Simply put, we gain the skills through practice. Practice is a close second, and then after that, practice rounds it out.

Yet, it doesn’t seem fair to “practice” on clients. Rather, we practice on one another until we have mastered the skill, then we can transfer that practical knowledge to our clientele much more safely and professionally.

How does it look here at Preparing for Birth, among my fellow students? Our preceptor came up with a great idea to give us a chance to apply our academic skills practically. Once a month, we have a scheduled four-hour block of time to discuss, learn, and implement skills. This month, we learned to do speculum exams, PAP smears, and bimanual exams. This required some chatting and warming up first, since it’s a rather intimate skill set, then we all washed properly, gloved up, and took turns on one another. We had another midwife with us, as well as her student, so it was a sizable group.

There was a lot of laughter, affirming language, encouragement, correction, and guidance. I came away feeling confident that I have a good starting point with those skills, and I am really looking forward to practicing again, and honing the skills to a fine, sharp point. The above picture is from our skills day — a rare glimpse into the world of student midwifery. As I lay there, I could not resist the opportunity to take this shot, and share it. These women are powerhouses, and I am so glad to be a part of such a community!

We are student midwives, with our preceptors, walking an incredible and humorous road paved by generations of women who have gone before. We learn best in community. We are not islands. We are a a village. Together, we learn, we grow, we change, and we improve, all to serve women and their families a little better everyday.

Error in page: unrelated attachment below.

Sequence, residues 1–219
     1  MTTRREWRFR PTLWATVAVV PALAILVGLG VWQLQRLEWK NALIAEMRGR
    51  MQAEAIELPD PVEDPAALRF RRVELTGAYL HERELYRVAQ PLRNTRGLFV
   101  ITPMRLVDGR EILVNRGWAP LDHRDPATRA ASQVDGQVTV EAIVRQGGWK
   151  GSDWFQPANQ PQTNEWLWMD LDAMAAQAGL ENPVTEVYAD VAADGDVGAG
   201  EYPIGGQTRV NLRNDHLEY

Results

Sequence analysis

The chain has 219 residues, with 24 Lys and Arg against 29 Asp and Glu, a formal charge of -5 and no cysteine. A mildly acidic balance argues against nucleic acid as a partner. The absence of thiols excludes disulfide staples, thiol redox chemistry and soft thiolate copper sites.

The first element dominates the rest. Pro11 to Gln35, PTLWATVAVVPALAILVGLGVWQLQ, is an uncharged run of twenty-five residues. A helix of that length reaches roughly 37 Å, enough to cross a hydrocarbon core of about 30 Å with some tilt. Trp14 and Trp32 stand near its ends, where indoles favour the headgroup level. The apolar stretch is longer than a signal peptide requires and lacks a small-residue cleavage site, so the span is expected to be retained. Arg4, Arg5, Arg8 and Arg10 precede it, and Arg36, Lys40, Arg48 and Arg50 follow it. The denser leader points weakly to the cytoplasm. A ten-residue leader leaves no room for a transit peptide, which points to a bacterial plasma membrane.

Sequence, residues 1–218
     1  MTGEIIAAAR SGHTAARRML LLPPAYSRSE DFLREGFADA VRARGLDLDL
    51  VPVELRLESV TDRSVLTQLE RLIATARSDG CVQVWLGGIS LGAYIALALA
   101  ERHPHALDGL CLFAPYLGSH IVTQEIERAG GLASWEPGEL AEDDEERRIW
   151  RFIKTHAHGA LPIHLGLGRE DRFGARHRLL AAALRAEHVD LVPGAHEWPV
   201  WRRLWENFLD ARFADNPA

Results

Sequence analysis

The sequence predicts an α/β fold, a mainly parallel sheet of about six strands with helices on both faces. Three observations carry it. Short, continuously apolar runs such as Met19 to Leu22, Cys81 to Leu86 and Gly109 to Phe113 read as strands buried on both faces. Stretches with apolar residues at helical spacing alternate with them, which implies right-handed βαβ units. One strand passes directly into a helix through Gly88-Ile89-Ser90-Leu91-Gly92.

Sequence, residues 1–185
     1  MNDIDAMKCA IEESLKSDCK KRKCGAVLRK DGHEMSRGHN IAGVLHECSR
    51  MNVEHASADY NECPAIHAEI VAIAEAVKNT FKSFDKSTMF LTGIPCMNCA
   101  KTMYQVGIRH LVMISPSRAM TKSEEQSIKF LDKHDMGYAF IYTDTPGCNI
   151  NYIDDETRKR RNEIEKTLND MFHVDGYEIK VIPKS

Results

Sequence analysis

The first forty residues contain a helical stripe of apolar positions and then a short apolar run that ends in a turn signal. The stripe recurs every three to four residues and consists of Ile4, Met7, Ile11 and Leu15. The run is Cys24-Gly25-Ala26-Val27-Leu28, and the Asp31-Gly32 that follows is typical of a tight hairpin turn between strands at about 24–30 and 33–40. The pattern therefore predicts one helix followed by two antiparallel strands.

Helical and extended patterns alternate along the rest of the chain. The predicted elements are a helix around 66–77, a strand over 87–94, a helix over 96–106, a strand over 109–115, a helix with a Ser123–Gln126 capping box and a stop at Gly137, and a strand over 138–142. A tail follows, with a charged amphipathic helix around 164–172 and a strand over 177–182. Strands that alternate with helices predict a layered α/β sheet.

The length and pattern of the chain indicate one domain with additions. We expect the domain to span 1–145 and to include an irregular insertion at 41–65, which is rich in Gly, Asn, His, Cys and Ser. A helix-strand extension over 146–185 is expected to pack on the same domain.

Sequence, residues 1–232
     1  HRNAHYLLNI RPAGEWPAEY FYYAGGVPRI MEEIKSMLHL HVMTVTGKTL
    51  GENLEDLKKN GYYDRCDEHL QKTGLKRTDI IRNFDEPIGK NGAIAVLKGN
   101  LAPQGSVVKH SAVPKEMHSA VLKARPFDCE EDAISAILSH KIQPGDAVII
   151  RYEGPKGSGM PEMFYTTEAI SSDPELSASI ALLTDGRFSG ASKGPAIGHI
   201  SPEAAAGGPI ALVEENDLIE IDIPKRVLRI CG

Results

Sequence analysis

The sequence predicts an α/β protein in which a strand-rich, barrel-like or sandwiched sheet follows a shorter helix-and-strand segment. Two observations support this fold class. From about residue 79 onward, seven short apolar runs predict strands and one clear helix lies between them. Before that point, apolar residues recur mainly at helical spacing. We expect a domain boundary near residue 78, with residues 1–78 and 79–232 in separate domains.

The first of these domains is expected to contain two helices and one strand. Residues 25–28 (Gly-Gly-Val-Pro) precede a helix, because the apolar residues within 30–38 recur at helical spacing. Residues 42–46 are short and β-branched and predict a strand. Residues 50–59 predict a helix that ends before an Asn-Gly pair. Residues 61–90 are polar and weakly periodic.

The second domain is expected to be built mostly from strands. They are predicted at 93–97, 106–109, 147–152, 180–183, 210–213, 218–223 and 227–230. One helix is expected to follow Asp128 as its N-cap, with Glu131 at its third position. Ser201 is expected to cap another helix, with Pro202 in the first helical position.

Grace & Peace,
Tiffany

Doulas Benefit Care Providers, Too.

Monday, October 28th, 2013

Image credit: apperson.com/support

I’ve written a lot about the measurable benefits of trained labor support for women and their families, which is important. However, I believe firmly that doulas have great potential to benefit care providers and staff as well. As one more important piece of the birthing puzzle, doulas can either add to or detract from the big picture of any birth they attend.

When a doula is at her best, when she understands her role and her scope of practice, she brings freedom, communication, and peace to the place of birth.

Part of my Scope of Practice as a CAPPA-certified Labor Doula reads as follows:

During labor and birth, the labor doula provides the mother and her partner with physical, emotional, and informational support. She facilitates and promotes self-advocacy, informed choice, and effective communication between the family and care providers. She seeks to foster a cooperative, respectful, and positive atmosphere with all members of the birth team so that the mother can birth with confidence. (emphasis mine)

What does “effective communication” look like at a birth?

It looks like a bridge. A sturdy, well-built bridge that begins with openness, humility, and an extended hand from the doula to the staff member or care provider that does not interrupt their conversation with the client.

It’s remembering that the client chose her care providers just as much as she chose her doula.* That fact alone should elicit basic human respect from the doula toward those caring for her client. Period. Regardless if that respect is returned or not. Doulas do no one any good unless we do our best to leave those chips on our shoulders at home. We do best when we take the high road, and treat everyone on the birth team with dignity and respect.